As podcasters, we have a voice that can reach the far corners of the world. When you think about it, podcast hosts hold a lot of power. That is a big responsibility. So, what if the conversations you were having changed someone’s life?
On a recent episode of Should I Start a Podcast, naturopath and nutritionist, Kate Reardon stopped by to talk about how becoming a host for her podcast has profoundly changed her life. Kate’s podcast Lean In, explores ordinary people’s extraordinary lives, all through the lens of powerful and honest storytelling.
Her show covers some of the deepest and darkest parts of our human existence while bringing into focus the true beauty of what it means to be human. More often than not, Kate can tap into those hidden parts of someone and bring out almost the entire spectrum of human emotion in every interview.
Simply put, she has conversations that transform you as a listener. So, how does she do it?
Open Up Your Curiosity
Famously, curiosity killed the cat. But in podcasting, it is essential, especially for those striving for a deeper conversation.
Always the inquisitive type, Kate quickly recognised that she could thoroughly scratch her curiosity itch as a podcast host.
“I interviewed my grandfather, who is 91. Only because I wanted to ask him questions about death. I couldn’t do it as a granddaughter because I felt too emotional, but I could do it as a podcaster.”
It was once she was in the room with him and had the equipment set up that she was able to ask him the more provocative questions. “I was able to ask so many questions that my little Kate inside wanted to know. It was beautiful.”
“He really enjoyed it, that’s what I was most surprised about, is that finally, someone asked him questions. Like is he scared to die? Those types of things. It was very healing for him as well.”
When you really tap into your curiosity, this is when you can have some of the most profound and enlightening conversations, no only for you but for your guest too.
Many of us go through this world taking on multiple roles. Kate is one of those people; mother, wife, naturopath, nutritionist, yoga instructor – her list goes on.
But, when it comes to her podcast, she is just Kate.
What this means is she allows herself to be open and present. Lean In isn’t your average Q&A formatted podcast. Instead, it’s like a cleansing of the guest’s essence, where they share some of the most profound aspects of themselves.
Instead of rattling off a ginormous list of meaningless, predetermined questions, Kate tries to connect on equal ground, on a human base level.
“For me as a creator, it feels so important to be authentic,” says Kate. “I cry a lot when people are sharing their stories. I don’t try and hide my tears or suck it up and get on with it. I really let what’s in the room be there.”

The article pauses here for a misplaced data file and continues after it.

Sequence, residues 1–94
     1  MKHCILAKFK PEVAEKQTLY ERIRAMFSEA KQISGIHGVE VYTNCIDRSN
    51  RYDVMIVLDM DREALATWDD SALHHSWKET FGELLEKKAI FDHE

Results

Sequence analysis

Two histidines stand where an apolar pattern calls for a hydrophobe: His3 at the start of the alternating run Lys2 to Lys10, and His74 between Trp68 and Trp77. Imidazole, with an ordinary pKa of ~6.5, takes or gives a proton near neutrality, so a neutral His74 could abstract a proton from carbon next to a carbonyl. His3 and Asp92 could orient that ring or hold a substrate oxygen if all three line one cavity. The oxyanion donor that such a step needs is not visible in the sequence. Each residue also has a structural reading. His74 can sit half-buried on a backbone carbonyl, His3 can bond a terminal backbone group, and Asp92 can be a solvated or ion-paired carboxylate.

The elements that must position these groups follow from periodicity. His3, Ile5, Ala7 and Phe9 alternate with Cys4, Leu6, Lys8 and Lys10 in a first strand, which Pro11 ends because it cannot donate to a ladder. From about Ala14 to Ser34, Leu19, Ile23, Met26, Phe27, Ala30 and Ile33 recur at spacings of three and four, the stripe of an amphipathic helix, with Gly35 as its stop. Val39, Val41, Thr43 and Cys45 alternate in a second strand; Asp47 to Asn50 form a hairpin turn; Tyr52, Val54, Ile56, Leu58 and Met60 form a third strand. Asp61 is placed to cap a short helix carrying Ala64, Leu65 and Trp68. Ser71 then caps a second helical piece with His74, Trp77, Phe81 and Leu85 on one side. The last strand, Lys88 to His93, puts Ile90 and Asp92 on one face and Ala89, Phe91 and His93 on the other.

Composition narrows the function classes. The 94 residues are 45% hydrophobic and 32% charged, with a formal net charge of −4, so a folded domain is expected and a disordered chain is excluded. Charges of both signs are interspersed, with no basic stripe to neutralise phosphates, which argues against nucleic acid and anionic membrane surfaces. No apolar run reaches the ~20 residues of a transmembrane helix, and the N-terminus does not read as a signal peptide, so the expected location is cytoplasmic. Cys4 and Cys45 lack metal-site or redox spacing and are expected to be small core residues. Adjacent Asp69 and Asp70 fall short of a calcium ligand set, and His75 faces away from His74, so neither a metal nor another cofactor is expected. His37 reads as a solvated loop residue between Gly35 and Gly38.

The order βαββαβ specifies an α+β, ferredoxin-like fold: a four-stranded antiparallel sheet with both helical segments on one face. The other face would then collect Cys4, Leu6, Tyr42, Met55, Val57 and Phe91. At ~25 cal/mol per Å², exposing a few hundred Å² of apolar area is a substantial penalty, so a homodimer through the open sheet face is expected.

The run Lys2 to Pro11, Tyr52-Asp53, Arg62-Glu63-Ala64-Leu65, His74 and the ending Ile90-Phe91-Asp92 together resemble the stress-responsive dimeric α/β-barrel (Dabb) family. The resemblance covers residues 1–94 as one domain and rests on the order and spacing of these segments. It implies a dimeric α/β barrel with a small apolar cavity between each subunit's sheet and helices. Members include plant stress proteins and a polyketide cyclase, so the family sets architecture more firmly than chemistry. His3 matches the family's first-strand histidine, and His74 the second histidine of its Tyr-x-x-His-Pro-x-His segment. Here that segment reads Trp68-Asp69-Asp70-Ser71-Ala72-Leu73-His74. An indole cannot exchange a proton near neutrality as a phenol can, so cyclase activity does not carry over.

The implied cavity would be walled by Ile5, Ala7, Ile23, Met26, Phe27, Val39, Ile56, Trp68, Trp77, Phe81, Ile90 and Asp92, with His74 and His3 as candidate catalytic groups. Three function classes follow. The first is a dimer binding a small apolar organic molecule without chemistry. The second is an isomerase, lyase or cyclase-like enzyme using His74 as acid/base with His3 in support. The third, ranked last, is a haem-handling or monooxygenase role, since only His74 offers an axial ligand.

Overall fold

Don’t Be Afraid To Have Tough Conversations
Sometimes having a deep and meaningful conversation isn’t always appropriate- there’s usually a right time and a right place. However, as podcasters, we already have that platform laid out, where even the shyest guests often come out of their shells with a willingness to share.
This is what Kate has found since she has entered into the world of podcasting.
“Some of it’s heavy, some of it’s dark. The episode that came out this week was domestic violence,” says Kate. “Ashlee, who I interviewed, she has a horrific story.
But, how lucky is she that she gets to share it, and how lucky am I to sit with her. If we don’t share our stories we’re not sharing our medicine- ourselves.”
“How I dealt with that was to stay really, really present with what was going on,” says Kate.
“When you’re using your voice in any way, shape or form,” she says, “even if it’s having a conversation that you don’t want to have, if you’re not a little bit scared, then you’re not doing it right.”
There is so much value in sharing stories, that goes far beyond just ourselves. Not only can it be cathartic for guests, but it allows your listeners to share in something that they may be experiencing. This can give everyone a sense that they’re not alone. “If you feel less alone in the world, you’re already moving into a healing space.”
Be brave, be open and don’t be afraid to go deeper. You may just change someone’s world.
There are mountains of books on the art of conversation, but when it comes to getting to the true core of someone, it takes more than reading a self-help book. Approach the conversation with your own stamp of authenticity. Dive into the deeper questions. Be curious, and above all stay present. It will help your guest to open up.
To hear the full episode of Ronsley speaking to Kate Reardon, tune into Should I Start a Podcast, by clicking here.
Author: Ronsley Vaz
Ronsley is the founder & chief day dreamer at AMPLIFY. He is an author, speaker & serial entrepreneur.
He has a Masters’ degree in Software Engineering and an MBA in Psychology and Leadership. He is known as the creator of We Are Podcast – the first Podcasting Conference in the Southern Hemisphere, and the host of The Bond Appetit Podcast and Should I Start a Podcast. He has an audience of over 3 million in 133 countries.